The Quiet American


The Quiet American (1958) is an adaptation by Joseph L Mankiewicz of Graham Greene’s novel of the same name and it, unintentionally from the filmmaker’s point of view, poses the question of whether a movie is best approached or evaluated on an emotional or an intellectual level. Greene was very unhappy with the changes Mankiewicz made to his book, particularly with the alterations to the political sentiments the author had written into his story. Greene’s objection highlights what I think of as the intellectual approach, for viewing a film and assessing its worth or success in terms of its political perspective strikes me as a coldly intellectual exercise. Conversely, examining how a movie deals with the human interactions that underpin the story is surely a more emotional approach. Given that I have long been convinced that art is much more closely related to the heart than the head, it probably won’t come as any surprise to learn which view I tend to favor.

The Quiet American opens near the end of the story and works back from there in search of a beginning that will allow all the events and personalities involved to fall into place. The titular character (Audie Murphy) who remains unnamed throughout, unlike in Greene’s novel, is already dead when we viewers come on the scene. His body is floating face down near the banks of the river in Saigon, discovered by chance by revelers celebrating Chinese New Year. From here we are taken back to the months before his demise, to the time when he first arrived in Vietnam. So the bulk of the movie is related via flashback, unfolding from the point of view of Thomas Fowler (Michael Redgrave), a British journalist and acquaintance of the anonymous American, as he conducts a one-man wake in the morgue, reflecting on the life and death of the young man reposing on the slab before him. Those few months defined the course of the lives of three people: Fowler, the American, and Phuong (Giorgia Moll), the young Vietnamese girl who is loved by both of them. Regardless of the political background of the tale, and the points about the role of foreign intervention in South East Asia that Greene wanted to make, this is a love story first and last; remove that element and there is nothing to relate that has any resonance beyond contemporary concerns. What matters here, and what the movie focuses on, is the triangle formed by those three people, with Phuong acting as the anchor.

As I mentioned above, Greene felt aggrieved at the way the script radically altered the points he wanted to make in his book. I can understand that frustration on the part of the author, and I can sympathize with what he must have seen as wholesale distortion of his vision. I read and enjoyed his novel many years ago yet I still appreciate this movie for what it is, for what it does rather than what it does not. Basically, I see the changes that Greene disliked as only background details as far as the movie is concerned – those elements might be integral to the aims of the novel, but Mankiewicz was making a movie and both his medium and the aims he had were very different. I am of the opinion that any filmmaker who emphasizes the purely contemporary elements of a story at the expense of the timeless aspects is straying into the realms of commentary. In short, I see film as a form of artistic expression, an analysis of the human condition, and that is something eternal rather than ephemeral.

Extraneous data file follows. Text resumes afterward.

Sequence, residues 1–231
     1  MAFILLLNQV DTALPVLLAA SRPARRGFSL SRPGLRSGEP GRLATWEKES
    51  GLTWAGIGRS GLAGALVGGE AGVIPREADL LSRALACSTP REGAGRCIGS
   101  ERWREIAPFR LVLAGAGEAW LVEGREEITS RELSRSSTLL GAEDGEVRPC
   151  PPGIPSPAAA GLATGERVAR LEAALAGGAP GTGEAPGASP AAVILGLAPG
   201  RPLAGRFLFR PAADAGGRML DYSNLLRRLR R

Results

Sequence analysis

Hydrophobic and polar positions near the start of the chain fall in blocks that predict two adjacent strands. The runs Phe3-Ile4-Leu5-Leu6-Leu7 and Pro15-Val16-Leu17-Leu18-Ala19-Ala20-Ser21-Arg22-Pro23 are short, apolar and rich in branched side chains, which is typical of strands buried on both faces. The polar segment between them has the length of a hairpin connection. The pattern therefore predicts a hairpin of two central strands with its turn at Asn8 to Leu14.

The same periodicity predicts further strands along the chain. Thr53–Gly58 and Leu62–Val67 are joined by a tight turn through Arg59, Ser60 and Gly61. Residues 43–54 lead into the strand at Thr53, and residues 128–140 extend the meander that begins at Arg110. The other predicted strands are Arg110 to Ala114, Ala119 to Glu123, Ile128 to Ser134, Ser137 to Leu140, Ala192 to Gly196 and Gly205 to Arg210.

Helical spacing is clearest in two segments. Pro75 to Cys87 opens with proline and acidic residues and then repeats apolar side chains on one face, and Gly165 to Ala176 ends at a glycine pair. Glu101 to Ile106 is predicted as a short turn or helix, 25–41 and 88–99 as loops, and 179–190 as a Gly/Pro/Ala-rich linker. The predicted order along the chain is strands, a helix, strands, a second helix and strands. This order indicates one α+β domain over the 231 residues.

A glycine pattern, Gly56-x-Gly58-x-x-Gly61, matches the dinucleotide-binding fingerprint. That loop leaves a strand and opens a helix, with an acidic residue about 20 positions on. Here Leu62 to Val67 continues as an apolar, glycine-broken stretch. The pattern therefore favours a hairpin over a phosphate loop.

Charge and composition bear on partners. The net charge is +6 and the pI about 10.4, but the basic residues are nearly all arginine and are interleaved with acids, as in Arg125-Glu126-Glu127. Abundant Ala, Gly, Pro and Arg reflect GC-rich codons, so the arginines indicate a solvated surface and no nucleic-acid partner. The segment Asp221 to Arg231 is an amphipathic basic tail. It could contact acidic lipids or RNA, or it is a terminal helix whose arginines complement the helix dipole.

Ultimately, what counts is whether or not the movie works on the terms by which it was conceived. I regard it mainly as both a love story and as a contemplation of the way we frequently project visions of ourselves and the world around us onto those we love. As such, I consider it to have succeeded in achieving it aims. Of course one can dig deeper and read more into it all, seeing different slants on relationships adopted by the old world and the new, the contrasting views of young and old, and so on. Nevertheless, it all comes back to the portrayal and interpretation of love and what that means to various individuals in the end. The background of the story operates in relation to the characters like the MacGuffin in a Hitchcock film, but even then only up to a point. After all, when Fowler makes his fateful decision, he is motivated by a toxic cocktail of pride, jealousy, fear and thwarted passion and not something as prosaically dreary as political convictions.

On paper, one would say that having Audie Murphy face off against Michael Redgrave would lead to an uneven and unfair contest. On celluloid and in fact , however, the contest is a remarkably even and productive one. Murphy had grown steadily as an actor by the late 1950s and this kind of dramatic role was well within his capabilities. There is still a lot of fresh energy about him, and that quality is used to superb effect when placed in contrast to Redgrave’s worn and dissipated cynicism. That fresh faced enthusiasm always cloaked a deeper steel and there is never any doubt about the resilience of the idealistic young man he was portraying. When he trades words with Redgrave’s weary writer, the latter may indicate disdain for their naivety but he never really questions their sincerity, and nor do the viewers. Redgrave is every bit as good as the complete opposite, a tired and spent man whose surface smugness masks chronic insecurity and desperation. We believe it when Murphy shows drive and positivity, and that sense of credibility is just as strong when Redgrave paints his own picture of desolation and emptiness.

Italian actress Giorgia Moll is wonderfully unknowable as the focal point for the affections of those two very different men. There is a lot of passivity about her character, right up till the end anyway. Her final scene adds a great deal of punch and power though, largely because of the apparent indifference and insouciance she displays earlier. The cast is fairly self-contained, but Claude Dauphin lends attractive support as the deceptively relaxed policeman who misses very little. Bruce Cabot has what amounts to a cameo as an American journalist and Richard Loo, who popped up all over the place throughout the 40s and 50s whenever an Asian character was required, is coolly efficient as Redgrave’s contact with the insurgents.